When I think of topics for this blog, I type them onto a green digital sticky note on my desktop. (Spoiler alert: Look for blogs on Perry Mason, portals, terra preta, copperhead snakes climbing trees, and the (puzzling) topic loosely known as “I’m going to make everything all right.” Whatever that means.) This topic was listed as “the middle class artist.” It’s been knocking around a long time, and around 10 p.m. I started thinking it was about time I drafted it.
Of course I didn’t sit right down to write. I never sit right down to anything. I drift toward it, approach it obliquely. If I were to watch myself coming at my subject, I imagine I’d look a lot like a friendly beagle an old boyfriend used to have that got hit by a car as a puppy. Both Dawson’s gait and face (the dog’s, not the boyfriend’s) were always a little off. You were never sure that Dawson was coming to you when you called because his head seemed to be headed to something just off to your left. But in the end, he’d be right there in front of you, looking goofy, but full of beagle good will.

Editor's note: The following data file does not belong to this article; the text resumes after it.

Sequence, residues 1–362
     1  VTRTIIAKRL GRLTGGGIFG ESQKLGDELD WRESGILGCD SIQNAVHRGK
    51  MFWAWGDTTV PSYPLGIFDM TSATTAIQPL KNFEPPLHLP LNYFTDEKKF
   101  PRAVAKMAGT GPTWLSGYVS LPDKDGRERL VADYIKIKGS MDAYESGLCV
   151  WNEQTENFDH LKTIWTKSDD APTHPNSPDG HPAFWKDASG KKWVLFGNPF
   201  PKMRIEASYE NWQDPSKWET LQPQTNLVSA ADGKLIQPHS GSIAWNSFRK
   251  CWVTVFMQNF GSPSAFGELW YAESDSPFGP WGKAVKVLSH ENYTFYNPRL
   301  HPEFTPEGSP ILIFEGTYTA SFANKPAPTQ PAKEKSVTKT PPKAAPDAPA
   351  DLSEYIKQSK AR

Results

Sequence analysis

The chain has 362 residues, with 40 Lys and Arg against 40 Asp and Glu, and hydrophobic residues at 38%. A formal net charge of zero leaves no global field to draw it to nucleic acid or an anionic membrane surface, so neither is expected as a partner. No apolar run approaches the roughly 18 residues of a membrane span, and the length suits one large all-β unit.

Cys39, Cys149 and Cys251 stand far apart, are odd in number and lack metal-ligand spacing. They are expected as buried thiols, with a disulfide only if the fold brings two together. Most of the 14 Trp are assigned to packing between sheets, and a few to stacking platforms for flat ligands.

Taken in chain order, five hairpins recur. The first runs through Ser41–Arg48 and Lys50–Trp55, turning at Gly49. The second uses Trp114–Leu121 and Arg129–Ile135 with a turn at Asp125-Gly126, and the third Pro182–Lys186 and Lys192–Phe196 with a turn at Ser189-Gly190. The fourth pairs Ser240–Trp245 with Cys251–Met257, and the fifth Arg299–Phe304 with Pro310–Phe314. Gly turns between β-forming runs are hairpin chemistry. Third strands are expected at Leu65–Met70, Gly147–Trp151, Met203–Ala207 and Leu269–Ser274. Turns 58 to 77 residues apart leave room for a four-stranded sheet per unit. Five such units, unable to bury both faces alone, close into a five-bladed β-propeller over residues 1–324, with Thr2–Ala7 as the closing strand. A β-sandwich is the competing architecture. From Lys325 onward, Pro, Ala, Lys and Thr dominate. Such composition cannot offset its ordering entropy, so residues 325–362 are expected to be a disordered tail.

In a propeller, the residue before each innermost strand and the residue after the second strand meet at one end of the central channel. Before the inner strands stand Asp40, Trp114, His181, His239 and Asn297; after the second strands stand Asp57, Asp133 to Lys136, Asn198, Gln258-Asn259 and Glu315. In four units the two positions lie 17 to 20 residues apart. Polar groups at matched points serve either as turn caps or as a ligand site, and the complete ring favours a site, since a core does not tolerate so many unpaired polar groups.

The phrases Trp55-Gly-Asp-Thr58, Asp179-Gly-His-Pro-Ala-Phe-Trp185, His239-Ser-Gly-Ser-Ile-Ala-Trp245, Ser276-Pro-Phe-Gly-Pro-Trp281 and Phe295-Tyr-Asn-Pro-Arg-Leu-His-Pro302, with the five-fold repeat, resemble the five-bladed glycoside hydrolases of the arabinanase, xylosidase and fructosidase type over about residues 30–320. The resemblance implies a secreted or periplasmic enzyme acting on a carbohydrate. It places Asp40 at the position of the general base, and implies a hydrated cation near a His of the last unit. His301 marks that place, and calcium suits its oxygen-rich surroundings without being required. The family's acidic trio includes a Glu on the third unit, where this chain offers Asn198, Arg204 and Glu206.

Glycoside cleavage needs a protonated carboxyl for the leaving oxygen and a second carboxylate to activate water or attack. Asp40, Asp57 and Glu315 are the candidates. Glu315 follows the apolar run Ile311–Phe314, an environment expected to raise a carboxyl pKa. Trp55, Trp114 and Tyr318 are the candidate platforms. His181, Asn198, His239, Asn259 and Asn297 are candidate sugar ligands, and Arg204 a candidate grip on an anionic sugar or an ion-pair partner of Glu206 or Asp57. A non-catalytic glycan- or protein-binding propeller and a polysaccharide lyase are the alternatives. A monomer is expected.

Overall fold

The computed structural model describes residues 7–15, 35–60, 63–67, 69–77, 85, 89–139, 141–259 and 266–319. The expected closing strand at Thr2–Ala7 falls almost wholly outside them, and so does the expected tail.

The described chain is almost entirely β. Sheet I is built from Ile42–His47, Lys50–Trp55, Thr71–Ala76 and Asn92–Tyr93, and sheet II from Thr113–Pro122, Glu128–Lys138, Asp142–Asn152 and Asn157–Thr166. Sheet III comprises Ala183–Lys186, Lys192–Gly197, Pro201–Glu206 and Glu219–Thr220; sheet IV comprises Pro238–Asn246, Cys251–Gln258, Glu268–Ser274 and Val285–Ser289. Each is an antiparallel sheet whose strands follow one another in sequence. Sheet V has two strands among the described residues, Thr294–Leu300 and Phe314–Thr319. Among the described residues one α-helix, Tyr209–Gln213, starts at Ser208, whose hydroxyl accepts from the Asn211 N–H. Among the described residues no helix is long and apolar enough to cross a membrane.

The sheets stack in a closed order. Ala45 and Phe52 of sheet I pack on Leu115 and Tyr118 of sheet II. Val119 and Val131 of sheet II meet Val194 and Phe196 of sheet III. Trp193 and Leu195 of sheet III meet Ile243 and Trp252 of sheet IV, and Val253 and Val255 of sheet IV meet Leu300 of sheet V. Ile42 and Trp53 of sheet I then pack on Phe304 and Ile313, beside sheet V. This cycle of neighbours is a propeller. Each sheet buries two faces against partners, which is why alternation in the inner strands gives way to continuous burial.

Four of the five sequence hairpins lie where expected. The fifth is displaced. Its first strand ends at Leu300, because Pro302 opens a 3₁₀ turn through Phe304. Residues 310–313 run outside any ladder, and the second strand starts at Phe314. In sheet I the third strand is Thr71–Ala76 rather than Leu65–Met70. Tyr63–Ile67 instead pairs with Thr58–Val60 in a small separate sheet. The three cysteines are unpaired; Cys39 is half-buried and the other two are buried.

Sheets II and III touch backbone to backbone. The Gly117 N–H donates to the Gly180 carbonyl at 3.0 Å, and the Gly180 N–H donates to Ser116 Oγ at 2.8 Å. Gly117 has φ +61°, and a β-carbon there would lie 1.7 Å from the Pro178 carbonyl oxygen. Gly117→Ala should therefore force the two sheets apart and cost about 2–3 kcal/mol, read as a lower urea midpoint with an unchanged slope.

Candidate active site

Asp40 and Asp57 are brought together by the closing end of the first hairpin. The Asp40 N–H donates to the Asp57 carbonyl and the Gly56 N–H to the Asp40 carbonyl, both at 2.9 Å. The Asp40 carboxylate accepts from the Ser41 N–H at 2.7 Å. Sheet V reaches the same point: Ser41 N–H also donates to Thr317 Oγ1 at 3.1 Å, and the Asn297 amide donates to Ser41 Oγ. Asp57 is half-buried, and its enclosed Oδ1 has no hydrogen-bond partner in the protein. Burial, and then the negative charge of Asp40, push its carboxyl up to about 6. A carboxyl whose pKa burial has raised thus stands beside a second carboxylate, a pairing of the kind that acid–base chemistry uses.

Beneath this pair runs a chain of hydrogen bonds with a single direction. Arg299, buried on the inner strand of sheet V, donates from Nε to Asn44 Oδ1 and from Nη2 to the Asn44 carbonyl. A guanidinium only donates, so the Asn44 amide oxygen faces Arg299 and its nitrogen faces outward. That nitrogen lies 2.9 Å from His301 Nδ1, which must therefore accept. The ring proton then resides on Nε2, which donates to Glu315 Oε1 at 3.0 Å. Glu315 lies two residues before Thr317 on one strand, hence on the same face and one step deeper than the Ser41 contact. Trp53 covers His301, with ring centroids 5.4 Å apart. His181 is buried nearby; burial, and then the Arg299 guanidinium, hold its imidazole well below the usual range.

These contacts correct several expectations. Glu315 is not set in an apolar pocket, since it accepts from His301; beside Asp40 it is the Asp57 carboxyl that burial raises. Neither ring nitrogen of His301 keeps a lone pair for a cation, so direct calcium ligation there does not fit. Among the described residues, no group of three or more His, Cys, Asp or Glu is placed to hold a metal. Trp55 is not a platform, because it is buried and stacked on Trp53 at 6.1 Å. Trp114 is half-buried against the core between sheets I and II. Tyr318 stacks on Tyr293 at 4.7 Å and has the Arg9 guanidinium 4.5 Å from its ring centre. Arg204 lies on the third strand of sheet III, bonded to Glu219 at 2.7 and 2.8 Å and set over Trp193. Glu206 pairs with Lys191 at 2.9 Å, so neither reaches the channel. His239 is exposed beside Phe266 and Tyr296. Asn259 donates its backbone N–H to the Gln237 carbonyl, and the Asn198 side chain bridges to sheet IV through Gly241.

(See, I’ve just spent two paragraphs not writing what I said I’m writing about. I’ve broken the first rule I give my writing students: Your whole story is in the first line. Nail it!)
This is what I did after I decided to write this, but before I sat down:
–Read an online news story about a woman who beat up another woman with a (ahem) sex toy out loud to my husband.
–Played two blues songs and five Chopin pieces on the piano. With repeats. (They were Chopin mazurkas, though. I’m not very advanced.)
–Organized my brand new box of colored pencils into ROYGBIV order because they came all mixed up.
–Put away a couple of (super-early, on-sale) Christmas gifts I bought at the bookstore.
–Tidied the living room, including dusting the coffee table and arranging the remotes.
–Checked sheets in the dryer. Restarted.
–Checked cat litter level in the cat box. Swept up scattered litter.
–Filled cats’ bowls.
–Mopped up the leaking dishwasher water.
–Set my phone to charge.
–Removed sheets. Put towels in dryer.
–Discovered door to garage was open. Worried about mice/snakes that might have gotten in.
–Read some blog posts.